Jane and Terry are aged 40. Terry is a highly paid executive earning $170,000 per year. Jane hasn’t worked since having their two children aged 11 and 9 but used to work as a kindergarten teacher. They live close to the city in a house valued at $1.5M with a mortgage of $600,000. Both children attend private schools. On Terry’s income they are able to comfortably afford living expenses, school fees and the mortgage and have accumulated $50,000 in savings.
What if Jane and Terry don’t have insurance?
Terry maintains a regular fitness routine but has an unexpected heart attack while jogging one morning. Because he is not found by passer-bys until too late Terry dies on the way to hospital. Although still in mourning Jane has to take stock of her finances. She makes plans to return to work but on her salary of $50,000 she will be unable to meet the mortgage payments and private school fees. Jane decides she has to sell the family home, purchase a house in the outer suburbs and enroll the children in the local public school. Just when Jane and the children need the support of their friends and neighbours the most they have to give up the family home, move far away from their support networks and start a substantially different life than before.
What insurances could Jane and Terry have taken out?
1. Life Insurance
Jane and Terry could have taken out life insurance for each of them. For Terry they could have taken out enough to cover the mortgage of $600,000, $200,000 for private school fees and another $1.2M as a lump sum which Jane could draw down on to supplement her own earnings (based roughly on ten times $120,000) ie a total of $2.0M. For Jane they may have taken out enough to cover the mortgage of $600,000 plus an amount of $500,000 lump sum which Terry could draw down on to cover the housekeeping and childcare costs so that he did not have to reduce hours or change jobs (amount based roughly on ten times $50,000) ie a total of $1.1M. Similar amounts of TPD insurance could have been taken out in the event of total and permanent disablement.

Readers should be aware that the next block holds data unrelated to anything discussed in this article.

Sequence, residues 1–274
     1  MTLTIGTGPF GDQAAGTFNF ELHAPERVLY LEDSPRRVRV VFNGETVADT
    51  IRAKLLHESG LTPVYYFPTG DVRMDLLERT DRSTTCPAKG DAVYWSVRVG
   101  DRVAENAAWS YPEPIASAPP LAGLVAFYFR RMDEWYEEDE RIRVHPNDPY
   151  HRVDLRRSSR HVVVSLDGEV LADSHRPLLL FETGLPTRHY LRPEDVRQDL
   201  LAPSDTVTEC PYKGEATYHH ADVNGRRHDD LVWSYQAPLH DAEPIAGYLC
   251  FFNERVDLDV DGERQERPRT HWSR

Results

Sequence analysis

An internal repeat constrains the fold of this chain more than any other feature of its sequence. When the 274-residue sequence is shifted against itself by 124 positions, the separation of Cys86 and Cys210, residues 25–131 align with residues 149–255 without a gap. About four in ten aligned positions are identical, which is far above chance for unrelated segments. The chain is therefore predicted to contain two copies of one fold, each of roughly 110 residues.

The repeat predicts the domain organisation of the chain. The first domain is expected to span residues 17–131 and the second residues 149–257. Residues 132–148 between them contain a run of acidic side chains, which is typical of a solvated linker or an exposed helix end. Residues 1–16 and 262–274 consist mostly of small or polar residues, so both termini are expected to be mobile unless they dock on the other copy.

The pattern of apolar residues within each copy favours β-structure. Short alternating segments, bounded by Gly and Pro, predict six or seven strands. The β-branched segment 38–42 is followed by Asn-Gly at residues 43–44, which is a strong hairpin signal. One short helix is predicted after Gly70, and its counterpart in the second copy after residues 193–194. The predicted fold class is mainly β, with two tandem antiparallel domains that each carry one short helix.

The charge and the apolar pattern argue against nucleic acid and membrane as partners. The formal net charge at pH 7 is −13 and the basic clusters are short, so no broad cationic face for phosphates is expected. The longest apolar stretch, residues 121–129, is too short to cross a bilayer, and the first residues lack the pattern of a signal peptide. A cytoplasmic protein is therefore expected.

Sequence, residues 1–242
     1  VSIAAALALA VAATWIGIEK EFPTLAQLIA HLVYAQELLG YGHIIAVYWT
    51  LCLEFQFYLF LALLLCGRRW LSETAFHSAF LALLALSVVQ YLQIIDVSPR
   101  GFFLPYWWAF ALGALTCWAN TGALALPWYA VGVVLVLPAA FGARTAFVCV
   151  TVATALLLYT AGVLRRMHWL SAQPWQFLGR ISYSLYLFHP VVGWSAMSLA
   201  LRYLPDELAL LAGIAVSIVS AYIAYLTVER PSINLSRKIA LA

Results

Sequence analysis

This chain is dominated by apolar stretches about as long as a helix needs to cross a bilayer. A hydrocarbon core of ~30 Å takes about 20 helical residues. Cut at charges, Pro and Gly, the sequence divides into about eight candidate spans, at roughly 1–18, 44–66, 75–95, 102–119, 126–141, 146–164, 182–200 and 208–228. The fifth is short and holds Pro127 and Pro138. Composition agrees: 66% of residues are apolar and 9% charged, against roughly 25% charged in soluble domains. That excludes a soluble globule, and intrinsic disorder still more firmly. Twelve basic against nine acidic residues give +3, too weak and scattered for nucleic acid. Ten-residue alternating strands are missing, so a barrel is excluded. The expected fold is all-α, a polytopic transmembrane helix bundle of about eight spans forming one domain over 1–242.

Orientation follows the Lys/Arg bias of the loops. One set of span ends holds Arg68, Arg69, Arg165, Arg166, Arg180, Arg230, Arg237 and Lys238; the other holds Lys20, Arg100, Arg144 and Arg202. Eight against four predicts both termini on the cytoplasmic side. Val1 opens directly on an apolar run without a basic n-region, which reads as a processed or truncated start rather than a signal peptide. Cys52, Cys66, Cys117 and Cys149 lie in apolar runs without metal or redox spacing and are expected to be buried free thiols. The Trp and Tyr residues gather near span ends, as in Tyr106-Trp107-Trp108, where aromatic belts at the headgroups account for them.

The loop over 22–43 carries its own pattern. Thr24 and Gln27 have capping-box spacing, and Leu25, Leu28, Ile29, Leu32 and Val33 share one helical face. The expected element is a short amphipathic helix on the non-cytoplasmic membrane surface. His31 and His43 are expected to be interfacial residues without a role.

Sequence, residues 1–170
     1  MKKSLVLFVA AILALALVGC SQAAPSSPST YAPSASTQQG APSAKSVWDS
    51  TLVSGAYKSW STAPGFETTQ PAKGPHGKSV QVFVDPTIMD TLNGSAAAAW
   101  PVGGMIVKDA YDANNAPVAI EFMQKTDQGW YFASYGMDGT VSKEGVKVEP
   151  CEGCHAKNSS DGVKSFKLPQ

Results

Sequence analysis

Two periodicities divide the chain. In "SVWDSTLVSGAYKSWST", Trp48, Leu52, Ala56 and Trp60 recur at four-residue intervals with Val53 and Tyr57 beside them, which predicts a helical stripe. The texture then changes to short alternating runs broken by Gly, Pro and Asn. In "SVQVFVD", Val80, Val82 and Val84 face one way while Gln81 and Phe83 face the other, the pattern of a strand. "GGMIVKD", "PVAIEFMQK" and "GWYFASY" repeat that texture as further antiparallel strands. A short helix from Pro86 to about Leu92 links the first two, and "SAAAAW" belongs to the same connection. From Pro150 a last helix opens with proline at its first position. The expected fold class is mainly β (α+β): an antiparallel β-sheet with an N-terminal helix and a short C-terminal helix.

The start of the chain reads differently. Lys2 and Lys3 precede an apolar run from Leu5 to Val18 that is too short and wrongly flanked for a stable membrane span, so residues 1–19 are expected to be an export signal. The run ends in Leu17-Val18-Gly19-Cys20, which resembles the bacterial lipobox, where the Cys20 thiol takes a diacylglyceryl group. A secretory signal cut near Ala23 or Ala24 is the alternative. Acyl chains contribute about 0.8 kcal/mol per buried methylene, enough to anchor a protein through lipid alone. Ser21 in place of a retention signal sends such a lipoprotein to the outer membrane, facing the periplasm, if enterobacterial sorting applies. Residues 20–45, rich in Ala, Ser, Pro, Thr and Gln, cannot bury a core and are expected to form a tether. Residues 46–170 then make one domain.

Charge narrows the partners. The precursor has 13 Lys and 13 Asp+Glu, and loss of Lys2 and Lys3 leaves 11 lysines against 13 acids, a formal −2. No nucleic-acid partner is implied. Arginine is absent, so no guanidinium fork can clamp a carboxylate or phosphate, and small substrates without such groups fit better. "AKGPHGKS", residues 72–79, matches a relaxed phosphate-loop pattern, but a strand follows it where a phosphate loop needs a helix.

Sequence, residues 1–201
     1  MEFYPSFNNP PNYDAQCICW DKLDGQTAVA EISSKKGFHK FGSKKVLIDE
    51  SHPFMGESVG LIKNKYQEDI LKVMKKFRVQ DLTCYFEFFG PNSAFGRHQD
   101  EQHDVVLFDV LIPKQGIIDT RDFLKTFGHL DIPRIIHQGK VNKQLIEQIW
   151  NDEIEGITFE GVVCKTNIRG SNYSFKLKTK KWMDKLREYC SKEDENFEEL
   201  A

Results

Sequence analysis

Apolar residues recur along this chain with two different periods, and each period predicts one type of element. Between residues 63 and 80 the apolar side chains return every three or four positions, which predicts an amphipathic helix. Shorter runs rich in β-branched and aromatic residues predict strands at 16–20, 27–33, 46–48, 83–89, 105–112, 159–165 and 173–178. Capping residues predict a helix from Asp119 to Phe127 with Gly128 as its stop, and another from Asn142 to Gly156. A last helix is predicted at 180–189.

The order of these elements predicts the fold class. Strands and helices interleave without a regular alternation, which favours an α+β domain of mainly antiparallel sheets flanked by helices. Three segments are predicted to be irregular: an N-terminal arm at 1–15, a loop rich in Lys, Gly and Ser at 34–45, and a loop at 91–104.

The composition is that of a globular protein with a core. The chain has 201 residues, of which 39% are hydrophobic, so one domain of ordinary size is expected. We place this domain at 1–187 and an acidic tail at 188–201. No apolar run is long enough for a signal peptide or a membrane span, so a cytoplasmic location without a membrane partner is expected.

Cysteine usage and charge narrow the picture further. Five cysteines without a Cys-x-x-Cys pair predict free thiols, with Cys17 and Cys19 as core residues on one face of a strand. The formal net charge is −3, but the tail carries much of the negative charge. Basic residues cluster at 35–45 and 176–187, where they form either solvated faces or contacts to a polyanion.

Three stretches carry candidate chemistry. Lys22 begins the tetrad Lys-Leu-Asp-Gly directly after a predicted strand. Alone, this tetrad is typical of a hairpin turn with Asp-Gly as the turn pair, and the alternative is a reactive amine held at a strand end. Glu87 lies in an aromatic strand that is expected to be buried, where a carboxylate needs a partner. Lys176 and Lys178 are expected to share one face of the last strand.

2. Trauma Insurance
Jane and Terry could have taken out trauma insurance of say $200,000 to be paid in the event of serious illness. If Terry had survived his heart attack this amount could have helped fund medical expenses, discretionary time off work and even a change in lifestyle.
3. Income Protection
Terry could have taken out income protection for a monthly benefit of $10,625 (ie 75% of his income). Due to the savings they had accumulated Terry could have taken out a 90 day waiting period which would have reduced his premium. Had Terry survived his heart attack but been unable to work again for some time he would have received monthly payments under his policy to help meet the family’s expenses.
What if Jane and Terry had these insurances?
Jane could have used some of the death payment of $2M to pay off the $600,000 mortgage on the family home. This would mean that Jane and her children would not have the disruption of moving while they were dealing with their grief. It would also mean that the children could stay at their current private school where they had their support network of friends. A private school education was something that both Jane and Terry had wanted for their children and this could still be achieved. Jane was not forced to return to work full time and was able to be home to provide support for her children. Terry’s family were able to continue to maintain the lifestyle they had before his death by drawing down on the remaining lump sum of $1.2M.
[Original post is found here.]